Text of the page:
Sandwiched between the resorts of Fuengirola and Torremolinos, Benalmadena is another of the Costa’s home-grown tourist resorts.
The municipality is actually divided into three separate smaller towns. The first is Benalmadena Pueblo (village), which is located on the mountain side. It is a typical Andalusian village with heavy Moorish influences characterised by winding narrow streets and white-washed homes.
It has a wide variety of amenities including museums, a castle, sports centre, shops, bars and restaurants. One of the most popular attractions in Benalmadena Pueblo is the unique Castillo de Colomares, the town’s lookout castle. It represents architecture from five centuries and despite the haphazard result, it is well worth a visit. Arroyo de la Miel is the second town and lies between Benalmadena Pueblo and Benalmadena Costa. This is where most of the population in the area live and where the majority of businesses are located. It too, has a wide variety of amenities including a sports complex, bilingual library as well as a selection of bars and restaurants.
The world famous theme park, Tivoli World is also located here. The area has an array of differing attractions such as its own casino, nightclubs and golf course.
Benalmadena Costa has 9kms of coastline with beautiful beaches and coves. It also boasts a fully equipped marina with more than 1,000 berths. The Paseo Maritimo in Benalmadena Costa is lined with small shops and bars.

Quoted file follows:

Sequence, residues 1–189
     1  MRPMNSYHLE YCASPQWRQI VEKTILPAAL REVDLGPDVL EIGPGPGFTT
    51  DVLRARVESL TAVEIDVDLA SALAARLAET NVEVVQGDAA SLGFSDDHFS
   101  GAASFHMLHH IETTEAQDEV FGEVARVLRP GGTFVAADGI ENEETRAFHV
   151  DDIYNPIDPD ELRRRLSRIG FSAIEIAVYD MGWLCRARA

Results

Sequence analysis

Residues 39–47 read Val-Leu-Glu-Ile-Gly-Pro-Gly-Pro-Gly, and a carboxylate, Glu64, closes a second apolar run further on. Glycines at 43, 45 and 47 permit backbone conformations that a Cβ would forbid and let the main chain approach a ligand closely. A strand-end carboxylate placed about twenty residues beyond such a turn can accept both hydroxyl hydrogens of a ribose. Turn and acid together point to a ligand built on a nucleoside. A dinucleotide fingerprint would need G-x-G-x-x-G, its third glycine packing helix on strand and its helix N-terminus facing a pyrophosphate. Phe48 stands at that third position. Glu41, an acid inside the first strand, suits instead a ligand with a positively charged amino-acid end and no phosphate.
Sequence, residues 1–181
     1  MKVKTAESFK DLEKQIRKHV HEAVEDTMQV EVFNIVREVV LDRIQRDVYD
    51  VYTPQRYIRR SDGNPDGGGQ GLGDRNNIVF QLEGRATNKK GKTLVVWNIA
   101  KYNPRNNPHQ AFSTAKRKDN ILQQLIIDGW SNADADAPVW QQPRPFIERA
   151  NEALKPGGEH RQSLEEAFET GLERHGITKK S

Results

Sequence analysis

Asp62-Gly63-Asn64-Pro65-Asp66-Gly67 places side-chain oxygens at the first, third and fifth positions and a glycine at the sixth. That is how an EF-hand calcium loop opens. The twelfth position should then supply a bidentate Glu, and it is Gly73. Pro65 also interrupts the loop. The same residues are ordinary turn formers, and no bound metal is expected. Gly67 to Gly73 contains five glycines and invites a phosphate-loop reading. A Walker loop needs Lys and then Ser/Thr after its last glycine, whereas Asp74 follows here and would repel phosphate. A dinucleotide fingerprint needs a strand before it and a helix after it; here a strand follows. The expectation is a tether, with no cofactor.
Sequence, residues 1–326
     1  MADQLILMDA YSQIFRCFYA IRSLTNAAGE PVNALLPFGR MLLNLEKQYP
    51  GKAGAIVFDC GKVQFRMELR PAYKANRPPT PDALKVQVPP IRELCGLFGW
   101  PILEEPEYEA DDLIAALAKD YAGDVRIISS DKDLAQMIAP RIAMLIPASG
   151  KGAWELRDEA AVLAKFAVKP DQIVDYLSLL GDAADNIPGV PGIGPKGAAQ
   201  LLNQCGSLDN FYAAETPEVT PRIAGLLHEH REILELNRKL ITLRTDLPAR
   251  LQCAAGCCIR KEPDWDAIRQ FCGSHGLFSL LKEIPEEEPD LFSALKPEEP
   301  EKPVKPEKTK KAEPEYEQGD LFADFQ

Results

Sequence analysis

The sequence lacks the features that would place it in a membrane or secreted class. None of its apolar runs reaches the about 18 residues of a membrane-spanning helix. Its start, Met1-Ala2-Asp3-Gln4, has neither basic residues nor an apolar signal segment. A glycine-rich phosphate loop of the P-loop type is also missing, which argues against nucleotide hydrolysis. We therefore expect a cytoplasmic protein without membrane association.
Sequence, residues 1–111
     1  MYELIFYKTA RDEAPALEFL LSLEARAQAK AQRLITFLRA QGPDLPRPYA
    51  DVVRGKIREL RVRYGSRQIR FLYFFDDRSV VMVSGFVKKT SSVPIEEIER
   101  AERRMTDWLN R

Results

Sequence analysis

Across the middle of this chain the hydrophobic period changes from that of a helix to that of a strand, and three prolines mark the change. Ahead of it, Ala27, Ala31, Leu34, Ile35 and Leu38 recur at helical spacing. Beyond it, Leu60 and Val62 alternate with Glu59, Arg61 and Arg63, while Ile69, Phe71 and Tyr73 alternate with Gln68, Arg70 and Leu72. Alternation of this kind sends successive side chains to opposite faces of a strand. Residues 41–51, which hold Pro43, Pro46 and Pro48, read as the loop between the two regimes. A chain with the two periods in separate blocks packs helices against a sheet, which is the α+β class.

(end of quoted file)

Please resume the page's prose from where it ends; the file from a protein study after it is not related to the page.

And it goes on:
At night the port in Benalmadena is illuminated with such great effect that it has been awarded the Blue Flag accolade.
Situated on the S coast of Spain, in the centre of the Costa del Sol, Benalmadena is 14½ mls SW of Malaga town and 12 mls SW of Malaga airport. It is postioned on the coast, backed by hills of the Sierra Mijas.
Benalmadena offers a wide range for the holiday maker, from the upmarket casino-going, yachting crowd to more budget-minded self-catering sun, sea and sand lovers.
It consists mainly of families in the summer and mature holidaymakers in the winter. The beaches are not as good as in neighbouring resorts with short stretches of sand, some of which is imported, are interspersed with rocky outcrops. At the W end, the sandy sections are very narrow and close to the busy main road.
Attractions consist of:
An archaeology museum with exhibits of Neolithic finds from the local area, plus artefacts from pre-Columbian Mexico and Central America.
The mid-size amusement park “Tivoli World” in Arroyo de la Miel has themed Wild West and flamenco shows and a cable-car ride.
The large Paloma Park which has a children’s play area.
Selwo Marina dolphinarium. At the marina, there’s the Sealife Centre (boasting the biggest shark collection in Europe) and the yacht club, which has water-sports facilities. Local golf course.
Benalmadena Pueblo has a museum, walled gardens around the church, a monument to Columbus (Castillo de Comares) and the Jardin de las Aguilas, a sanctuary for birds of prey.
Walking, mountain-biking and horse-riding in the mountains behind the resort is also pupular.